Why Beijing Has Resisted Raising the Retirement Age

Why hasn’t China raised its oddly low retirement age yet? After all, a key solution to its rapid aging problem is right under Beijing’s nose, and it knows it too. As early as 2013, Beijing made it clear that the official retirement age (60 for men and 55 for women) would be raised by 2020—a priority that made it into the Ministry of Human Resources and Social Security’s 13th Five-Year Plan (2016-2020). Yet so far, no move has been made on the retirement age.

The short answer is that the Chinese government cannot afford to delay retirement at the moment. In the near term, postponing retirement will actually be negative for the economy. For one, since job creation is paramount amid the post-Covid recovery, Beijing needs retirees to vacate their spots that can then be filled by the unemployed, including many of the nearly 9 million recent college graduates.

In 2018, those between the ages of 55 and 59 accounted for 7.3% of China’s total urban labor force (see Figure 1). If Beijing had raised the retirement age by one year to 61 for men and 56 for women, a quick estimate suggests that would’ve translated into 5 million and 4.5 million fewer job vacancies and raised the unemployment rate by more than one percentage point in 2019 and 2020, respectively. And given the necessity of solving the unemployment problem during the current economic slowdown, delaying retirement has to be put on hold.

Figure 1. Share of Urban Employment by AgeNote: Data adjusted to account for the fact that women are required to retire five years earlier than men.
Source: National Bureau of Statistics and MacroPolo.

Holding steady on the retirement age also brings a counterintuitive benefit: a larger social security deficit that serves as stimulus. As more workers exit the labor force in the near term, the Chinese government will run a deficit as it has to pay out more retirement benefits than it will receive in social security contributions. Of course, such a trend over the long run turns social security into an unfunded liability and is not fiscally sustainable.

But social security spending can be stimulative during periods of economic contraction while avoiding the downside of relying on investment to spur growth. This recognition has led Beijing to increasingly use social security spending as stimulus since 2019 (see Figure 2). For instance, Beijing has shown a willingness to run a social security deficit in 2020, having reduced social security contributions for small businesses and raised benefits faster than inflation. These actions amount to a stimulus of more than 1% of GDP, a hidden yet meaningful boost to the economy.

Figure 2. Social Security Turns from Surplus to Deficit (% GDP) Source: Wind.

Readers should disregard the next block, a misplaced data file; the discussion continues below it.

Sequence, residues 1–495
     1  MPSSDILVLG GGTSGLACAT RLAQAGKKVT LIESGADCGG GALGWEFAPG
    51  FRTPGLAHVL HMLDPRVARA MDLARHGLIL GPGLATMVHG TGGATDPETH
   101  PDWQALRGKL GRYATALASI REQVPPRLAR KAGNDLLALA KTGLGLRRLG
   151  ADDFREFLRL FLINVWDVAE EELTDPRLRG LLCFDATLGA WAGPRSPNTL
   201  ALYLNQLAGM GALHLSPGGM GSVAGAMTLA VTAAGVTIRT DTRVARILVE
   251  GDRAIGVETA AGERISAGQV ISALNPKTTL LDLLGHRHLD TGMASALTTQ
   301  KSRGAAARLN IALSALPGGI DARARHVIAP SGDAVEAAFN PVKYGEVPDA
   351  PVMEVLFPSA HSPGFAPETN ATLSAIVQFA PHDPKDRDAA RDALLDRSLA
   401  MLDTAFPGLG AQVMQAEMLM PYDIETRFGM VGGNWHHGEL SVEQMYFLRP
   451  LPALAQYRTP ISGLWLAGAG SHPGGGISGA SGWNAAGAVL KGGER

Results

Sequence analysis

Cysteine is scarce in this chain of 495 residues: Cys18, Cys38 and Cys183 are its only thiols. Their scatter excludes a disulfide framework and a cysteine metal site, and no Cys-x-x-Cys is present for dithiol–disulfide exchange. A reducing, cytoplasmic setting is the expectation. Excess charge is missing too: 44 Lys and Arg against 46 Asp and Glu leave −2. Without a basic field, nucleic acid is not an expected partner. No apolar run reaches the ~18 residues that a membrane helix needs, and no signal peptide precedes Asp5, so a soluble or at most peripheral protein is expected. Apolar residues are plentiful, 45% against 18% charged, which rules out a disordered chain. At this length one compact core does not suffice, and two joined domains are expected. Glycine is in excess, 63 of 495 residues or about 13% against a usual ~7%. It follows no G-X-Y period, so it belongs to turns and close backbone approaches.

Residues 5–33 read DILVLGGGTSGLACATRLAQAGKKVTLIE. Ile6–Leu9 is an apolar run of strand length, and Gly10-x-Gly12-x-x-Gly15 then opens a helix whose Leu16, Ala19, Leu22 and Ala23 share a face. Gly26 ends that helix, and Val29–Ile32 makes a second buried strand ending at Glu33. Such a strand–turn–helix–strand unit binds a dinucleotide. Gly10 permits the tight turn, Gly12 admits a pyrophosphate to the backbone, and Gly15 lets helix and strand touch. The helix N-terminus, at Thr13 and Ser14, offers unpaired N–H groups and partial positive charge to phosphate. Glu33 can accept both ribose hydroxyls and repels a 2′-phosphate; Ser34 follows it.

A weaker Chinese economy has put the retirement age issue on the back burner, but this hiatus won’t last long. In fact, Beijing will likely lift the retirement age by 2023, because by then China’s roughly 250-million strong baby boomer generation (those born in the decade after the 1959-1961 Great Famine) will retire en masse.

Herein lies a potential silver lining: when the fiscal burden of paying for social security really kicks in, it may actually accelerate state sector reforms. Despite controlling enormous state assets, Beijing has actually been reluctant to redirect those assets to pay for social security—ironic given a nominally socialist state that not so long ago required state firms to cover all social welfare spending for its employees.

With growing pressure to support an aging society, Beijing will likely be forced to return to its roots and become, well, more socialist. The government will likely transfer more state assets to the social security funds that operate at the central and local levels—which essentially manage the equivalent of China’s “401K plan”—to cover social security spending. But because these funds are mainly interested in getting higher returns from investing state assets, they will either push state firms to improve their performance or simply sell state assets to finance social security. Either way, it should help catalyze sluggish state sector reforms.

China simply cannot wish away the sobering reality that despite still having a staggering labor force of 800 million, it is a labor force that has already peaked and is dwindling in size. In other words, there will be more people exiting the work force than entering it over the next decade. This secular trend is unavoidable and will force Beijing to reprioritize in coming years to deal with this economic headwind. Indeed, almost all difficult reforms come by way of necessity and not as a result of good intentions.

Houze Song is a research fellow at MacroPolo. You can subscribe to his research here.

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